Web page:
(50.) Harris, Unplanned Suburbs, chs. 4-5, pp. 11, 13; Robert Lewis, "Running Rings Around the City: North American Industrial Suburbs, 1850-1950," in Changing Suburbs, ed. Harris & Larkham, 146-67.

(51.) Wiese, Places of Their Own; Wiese, "The Other Suburbanites'.

(52.) Woods, Development Arrested; Robert Lewis, Manufacturing Montreal; Elsa Barkley Brown, "Negotiating and Transforming the Public Sphere: African American Political Life in the Transition from Slavery to Freedom," Public Culture 7:1 (1994), 107-46; Gail Dubrow and Donna Graves, Sente at Sixth and Main (Seattle: Seattle Arts Commission, 2002); Angel David Nieves, "African American Architects and 'Race-Uplift' for the Black Community: New Deal Mass Housing and Black Nationalism in the Nation's Capital," Planning History Studios 1:1 (1998); Kelly Quinn. "Making Modern Homes: Hilyard Robinson's Work at Langston Terrace Dwellings," (paper presented at Buell Symposium, Columbia University. April 2003); Gilliland and Olson, "Claires on Housing Space"; Marc H. Choko, "Ethnicity and Home Ownership in Montreal, 1921-51." UHR 26:2 (1998), 32-41; Rosalyn Trigger, "Protestant Restructuring in the Canadian City: Church and Mission in the Industrial Working-Class District of Griffintown. Montreal," UHR 31:1 (2002). 5-18; Goings and Mohl, "The New African American Urban History."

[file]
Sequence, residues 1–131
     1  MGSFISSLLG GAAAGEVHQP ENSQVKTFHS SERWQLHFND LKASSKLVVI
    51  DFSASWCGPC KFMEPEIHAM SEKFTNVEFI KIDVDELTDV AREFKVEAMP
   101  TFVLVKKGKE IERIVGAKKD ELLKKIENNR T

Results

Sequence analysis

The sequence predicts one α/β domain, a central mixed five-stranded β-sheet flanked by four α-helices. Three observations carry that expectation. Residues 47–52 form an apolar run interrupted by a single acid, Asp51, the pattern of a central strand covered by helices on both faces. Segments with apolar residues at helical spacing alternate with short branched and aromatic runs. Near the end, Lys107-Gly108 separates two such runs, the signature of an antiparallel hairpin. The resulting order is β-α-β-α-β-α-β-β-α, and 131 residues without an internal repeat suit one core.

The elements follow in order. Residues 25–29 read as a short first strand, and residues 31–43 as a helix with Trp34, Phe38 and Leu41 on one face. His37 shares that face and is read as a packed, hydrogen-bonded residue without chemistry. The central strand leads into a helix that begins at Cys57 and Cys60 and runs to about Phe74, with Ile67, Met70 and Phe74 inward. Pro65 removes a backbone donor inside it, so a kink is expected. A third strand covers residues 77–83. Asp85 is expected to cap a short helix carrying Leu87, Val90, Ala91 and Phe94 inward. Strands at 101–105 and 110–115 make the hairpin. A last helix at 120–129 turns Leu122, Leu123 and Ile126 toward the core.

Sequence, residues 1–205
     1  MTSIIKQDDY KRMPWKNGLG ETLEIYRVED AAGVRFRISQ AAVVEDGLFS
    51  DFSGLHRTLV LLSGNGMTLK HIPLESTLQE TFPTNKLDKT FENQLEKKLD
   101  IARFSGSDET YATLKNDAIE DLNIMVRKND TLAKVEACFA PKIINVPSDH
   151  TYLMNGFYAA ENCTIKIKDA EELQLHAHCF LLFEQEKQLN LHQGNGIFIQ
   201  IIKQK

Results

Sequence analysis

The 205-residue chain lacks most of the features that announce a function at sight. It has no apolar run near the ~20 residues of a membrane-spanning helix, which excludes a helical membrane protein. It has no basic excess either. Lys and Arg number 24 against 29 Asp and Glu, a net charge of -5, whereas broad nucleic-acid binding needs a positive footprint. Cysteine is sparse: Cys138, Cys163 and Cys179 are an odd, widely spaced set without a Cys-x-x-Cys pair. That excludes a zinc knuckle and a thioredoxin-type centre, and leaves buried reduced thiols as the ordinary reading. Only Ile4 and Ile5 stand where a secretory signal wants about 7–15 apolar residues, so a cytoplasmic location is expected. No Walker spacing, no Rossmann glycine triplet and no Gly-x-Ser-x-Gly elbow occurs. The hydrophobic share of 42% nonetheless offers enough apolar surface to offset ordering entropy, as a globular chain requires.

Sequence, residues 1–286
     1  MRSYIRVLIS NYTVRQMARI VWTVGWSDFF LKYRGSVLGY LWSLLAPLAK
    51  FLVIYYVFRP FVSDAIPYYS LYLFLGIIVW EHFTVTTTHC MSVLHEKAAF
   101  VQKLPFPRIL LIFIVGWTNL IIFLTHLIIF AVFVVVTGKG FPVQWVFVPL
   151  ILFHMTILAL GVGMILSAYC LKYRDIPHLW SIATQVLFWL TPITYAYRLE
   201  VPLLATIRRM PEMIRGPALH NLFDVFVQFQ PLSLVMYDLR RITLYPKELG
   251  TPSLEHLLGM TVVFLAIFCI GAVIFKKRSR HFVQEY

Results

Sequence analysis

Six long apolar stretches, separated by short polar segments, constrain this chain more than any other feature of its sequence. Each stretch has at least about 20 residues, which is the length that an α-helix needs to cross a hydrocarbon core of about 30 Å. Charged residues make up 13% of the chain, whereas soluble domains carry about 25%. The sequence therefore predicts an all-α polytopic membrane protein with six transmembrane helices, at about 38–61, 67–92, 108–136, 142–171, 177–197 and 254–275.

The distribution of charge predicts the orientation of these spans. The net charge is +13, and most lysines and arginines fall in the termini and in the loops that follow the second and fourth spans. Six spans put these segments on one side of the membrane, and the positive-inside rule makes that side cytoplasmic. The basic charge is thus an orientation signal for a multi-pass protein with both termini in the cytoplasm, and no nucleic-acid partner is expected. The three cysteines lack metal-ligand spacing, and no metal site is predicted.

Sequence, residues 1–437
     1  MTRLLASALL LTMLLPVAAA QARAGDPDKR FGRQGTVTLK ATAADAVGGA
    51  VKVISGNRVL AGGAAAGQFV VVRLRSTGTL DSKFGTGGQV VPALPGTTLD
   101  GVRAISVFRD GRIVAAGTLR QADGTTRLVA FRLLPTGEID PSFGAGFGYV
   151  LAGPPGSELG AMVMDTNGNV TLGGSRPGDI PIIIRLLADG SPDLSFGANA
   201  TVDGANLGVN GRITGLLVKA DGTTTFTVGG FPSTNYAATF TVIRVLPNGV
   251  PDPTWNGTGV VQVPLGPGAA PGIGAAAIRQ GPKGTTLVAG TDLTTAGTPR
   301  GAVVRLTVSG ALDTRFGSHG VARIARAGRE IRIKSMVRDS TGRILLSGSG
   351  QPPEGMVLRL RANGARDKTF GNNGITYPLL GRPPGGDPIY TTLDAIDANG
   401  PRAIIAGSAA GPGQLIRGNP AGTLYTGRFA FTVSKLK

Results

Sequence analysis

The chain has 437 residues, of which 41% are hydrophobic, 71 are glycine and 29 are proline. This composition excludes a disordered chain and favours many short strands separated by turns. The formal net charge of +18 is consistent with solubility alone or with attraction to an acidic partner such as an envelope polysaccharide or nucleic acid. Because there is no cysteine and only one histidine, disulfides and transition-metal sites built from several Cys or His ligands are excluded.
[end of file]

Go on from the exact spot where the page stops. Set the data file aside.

(53.) Kelley, "We Are Not What We Seem," 77-79; James C. Scott, Domination and the Arts of Resistance: Hidden Transcripts (New Haven: Yale University Press, 1990); George Lipsitz, A Life in the Struggle. Ivory Perry and the Culture of Opposition (Philadelphia: Temple University Press, 1988).

(54.) It is sometimes the case that scholars of working-class culture compare it with middle-class prescriptive literature rather than empirically documented middle-class lifeways. See for example, Harris, Unplanned Suburbs, ch. 4; Gary Cross, "The Suburban Weekend: Perspectives on a Vanishing Twentieth Century Dream," in Visions of Suburbia, ed. R. Silverstone (London: Routledge, 1997), 112.

(55.) Robin D. G. Kelley, Yo'Mama's Dysfunktional! Fighting the Culture Wars in Urban America (Boston: Beacon Press, 1997), ch. 1; Catherine L. Ross and Nancey Green Leigh, "Planning, Urban Revitalization, and the Inner City: An Exploration of Structural Racism," Journal of Planning Literature 14:3 (2000), 367 80.

(56.) Earl Lewis, "Connecting Memory, Self, and The Power of Place in African American Urban History," JUH 21:3 (1995), 348.

(57.) Earl Lewis, In Their Own interests: Race, Class and Power in Twentieth-Century Norfolk, Virginia (Berkeley: University of California Press, 1991); Robin D.G. Kelley, Race Rebels: Culture, Politics, and the Black Working Class (New York: Free Press, 1994); June Manning Thomas, "Racial Inequality and Empowerment: Necessary Theoretical Constructs for Understanding U.S. Planning History," in Making the Invisible, ed. Sandercock, 198 208; Joe W. Trotter, Jr., BlackMilwaukee: The Making of an Industrial Proletariat, 1915-45 (Urbana: University of Illinois Press, 1985); Richard W. Thomas, Life for Us Is What We Make It. Building Black Community in Detroit, 1915-1945 (Bloomington: Indiana University Press, 1992).

(58.) Elizabeth Clark Lewis, "Urban History: State of the Art," (paper presented at OAH Annual Meeting, Washington, D.C., April 2002).